It was 5:30 p.m. on Mar. 29, 2004, and Blackstone Group LLC's two-year quest to take over German chemical maker Celanese hung in the balance. Chinh E. Chu, a senior managing director of the private equity firm, had half an hour to save the $3.8 billion deal. By 6 p.m., Blackstone needed 75% of Celanese shareholders to accept its tender offer. But the tally at 5:30 was just 60%. Unless Chu could round up more shares, the proposed acquisition would collapse and Blackstone would have to eat the estimated $20 million it had spent on bankers, lawyers, and accountants to scrutinize Celanese's books and structure the offer.
The holdout shareholders were hedge funds playing a high-risk game. None wanted the deal to fall through -- that would have caused Celanese shares to plunge. But the hedge fund managers hoped to be among the 25% who withheld their approval. Then, as minority stockholders, they could exploit Germany's arcane takeover law to demand a higher price for their shares. At Blackstone's offices on Park Avenue in New York City, Chu spent a frantic half-hour on the phone. He had to make the holdout hedge funds believe they needed to commit -- now -- or the deal would die. "It was a chess match," recalls Chu.
At 6 p.m., Blackstone had just 71%. But Chu was fairly certain that late computer orders would deliver the winning margin. He was right: When the final tally came in the next day, Blackstone owned 84%. It had pulled off the largest public-to-private buyout in European history.
Not everyone was cheering. In fact, the size of the deal only helped stir controversy months later, when foreign buyout firms such as Blackstone came under attack from the German Left. Critics charged that the outsiders were gutting German industry as they closed down plants, slashed jobs, and added more workers to the nation's growing unemployment rolls. In fact, some private equity deals have turned out badly for workers, feeding public hostility. Most recently, Grohe Group, a maker of high-end plumbing fixtures based in Hemer, Germany, on June 8 announced plans to cut more than a fifth of its 4,300 workers in Germany as it seeks to return to profitability. Grohe is owned by Texas Pacific Group and Credit Suisse First Boston Private Equity (CSR ).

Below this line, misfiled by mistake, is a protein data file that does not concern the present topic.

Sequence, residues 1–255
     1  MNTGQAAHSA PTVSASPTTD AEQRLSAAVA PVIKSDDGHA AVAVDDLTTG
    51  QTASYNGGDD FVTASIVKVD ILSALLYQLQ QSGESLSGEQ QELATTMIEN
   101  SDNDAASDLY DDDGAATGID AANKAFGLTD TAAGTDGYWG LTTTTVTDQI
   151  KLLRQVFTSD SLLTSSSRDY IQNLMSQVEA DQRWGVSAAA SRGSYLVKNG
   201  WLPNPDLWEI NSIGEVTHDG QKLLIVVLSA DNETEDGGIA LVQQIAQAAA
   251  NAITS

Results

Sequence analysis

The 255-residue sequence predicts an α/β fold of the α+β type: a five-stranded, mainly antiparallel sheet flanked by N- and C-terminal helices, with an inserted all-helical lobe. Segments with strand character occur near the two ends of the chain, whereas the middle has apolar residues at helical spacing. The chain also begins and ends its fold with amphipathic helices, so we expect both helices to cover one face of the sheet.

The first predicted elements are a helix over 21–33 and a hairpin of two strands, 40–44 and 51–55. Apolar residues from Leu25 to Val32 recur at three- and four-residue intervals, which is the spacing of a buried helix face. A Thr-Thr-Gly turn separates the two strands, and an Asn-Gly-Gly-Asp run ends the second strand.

Meanwhile, Munich-based MTU Aero Engines, owned by Kohlberg Kravis Roberts & Co., launched a successful initial public offering in Frankfurt on June 6 -- after cutting its German workforce by 10%, to 6,880 since the end of 2003. Franz Müntefering, chairman of the ruling Social Democratic Party, stirred a national debate recently when he called buyout firms "locusts," prompting talk in political circles of curtailing the financiers' activities. And Blackstone? It's among the buyout firms singled out by the IG Metall labor union. "They have money -- lots of money. And they're using it to ransack the German economy," the union said in its in-house magazine.
But a detailed look at the takeover of Celanese, the top global producer of acetic acid, which is used to produce products from plastic bottles to glue, provides a sharply different picture. Plant closings and job cuts? In the year since the deal closed, there have been none in Germany, where the workforce has been stable, at about 3,000 people. In fact, after years of painful cuts before the Blackstone takeover, the total workforce is rising, and Celanese is not threatening to move production to Central Europe. Its highly trained workforce is cost-efficient, says Andreas Pohlmann, who runs European operations. "People are skilled, educated and motivated. That's the strength of German workers."
Blackstone did move Celanese's corporate headquarters last year from the Frankfurt suburb of Kronberg to Dallas, Texas. But that affected only a few management jobs, and public reaction even in Kronberg was mild. One reason is that Celanese already had most of its production in North America; just a third of its 9,000 workers are in Germany. It moved its base to Germany in 1987 after being acquired by German chemical conglomerate Hoechst, which spun Celanese off in 1999.